In March 2010, the Land Registry launched its third consultation on e-conveyancing. The consultation paper proposed changes to extend the use of electronically created charges and introduce the facility to use electronic transfers.

The results of this consultation have now been published. The report states that many stakeholders "are unconvinced that the time is right to offer e-transfers", and "have not yet been persuaded that e-transfers are desirable or achievable in a time of low property sales and increased risk of fraud".

It is currently possible to create an "e-charge" on a remortgage of the whole of a single property by a private individual. However, since the first e-charge was created in March 2009, only around 20 have been entered into.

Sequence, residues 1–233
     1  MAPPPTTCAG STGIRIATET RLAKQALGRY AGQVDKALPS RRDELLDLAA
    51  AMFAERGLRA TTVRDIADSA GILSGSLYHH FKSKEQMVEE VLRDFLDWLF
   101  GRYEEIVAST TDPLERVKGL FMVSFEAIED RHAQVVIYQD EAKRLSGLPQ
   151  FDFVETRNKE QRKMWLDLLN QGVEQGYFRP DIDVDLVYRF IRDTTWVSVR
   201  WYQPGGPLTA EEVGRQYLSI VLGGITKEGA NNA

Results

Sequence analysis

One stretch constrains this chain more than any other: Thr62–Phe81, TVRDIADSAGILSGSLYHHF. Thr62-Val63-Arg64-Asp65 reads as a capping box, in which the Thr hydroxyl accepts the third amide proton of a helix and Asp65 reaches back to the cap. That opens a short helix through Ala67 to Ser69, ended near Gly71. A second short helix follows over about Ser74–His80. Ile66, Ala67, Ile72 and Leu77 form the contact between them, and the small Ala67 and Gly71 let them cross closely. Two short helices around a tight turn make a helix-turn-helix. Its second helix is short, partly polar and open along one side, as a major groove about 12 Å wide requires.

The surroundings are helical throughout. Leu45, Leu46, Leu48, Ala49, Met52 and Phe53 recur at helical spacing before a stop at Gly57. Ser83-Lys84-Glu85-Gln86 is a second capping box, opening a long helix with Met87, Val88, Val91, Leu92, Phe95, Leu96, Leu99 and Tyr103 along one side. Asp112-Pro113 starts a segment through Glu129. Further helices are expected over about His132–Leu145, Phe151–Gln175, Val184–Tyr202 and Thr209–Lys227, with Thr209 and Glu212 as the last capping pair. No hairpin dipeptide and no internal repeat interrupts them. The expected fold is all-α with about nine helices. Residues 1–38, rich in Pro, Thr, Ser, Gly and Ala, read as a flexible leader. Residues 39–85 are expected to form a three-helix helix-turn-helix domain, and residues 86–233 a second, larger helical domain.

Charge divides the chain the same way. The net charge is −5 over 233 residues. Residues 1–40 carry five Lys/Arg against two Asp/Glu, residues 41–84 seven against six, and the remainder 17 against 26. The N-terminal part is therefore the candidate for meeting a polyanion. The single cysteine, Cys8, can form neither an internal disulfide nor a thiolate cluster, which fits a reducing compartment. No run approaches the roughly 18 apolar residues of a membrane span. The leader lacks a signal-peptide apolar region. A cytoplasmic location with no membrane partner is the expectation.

The Land Registry states that it therefore plans to put the development of e-transfers on hold, until the return of a healthier financial climate and a more active property market. It is intending to concentrate instead on fully automating its system for the delivery of applications, so that customers can electronically submit documents which have been prepared in the traditional way.

This would speed up the Land Registry process by one day (the time it currently takes for a hard copy application to be submitted). Whether this limited benefit will offset any increase in the risk of fraud which results from Land Registry not seeing original documents remains to be seen.

The Land Registry also announced on 18 July 2011 that responsibility for Land Registry has moved from the Ministry of Justice to the Department for Business, Innovation and Skills (BIS). BIS is also responsible for the Met Office and Ordnance Survey. Hints of what is to come are given in Land Registry's statement that "this marks a significant step towards the establishment of a Public Data Corporation (PDC)". The announcement states that there will be a consultation on PDC data policy later this summer. Final decisions on membership, structure and commercial strategy of the PDC will then be taken later this year.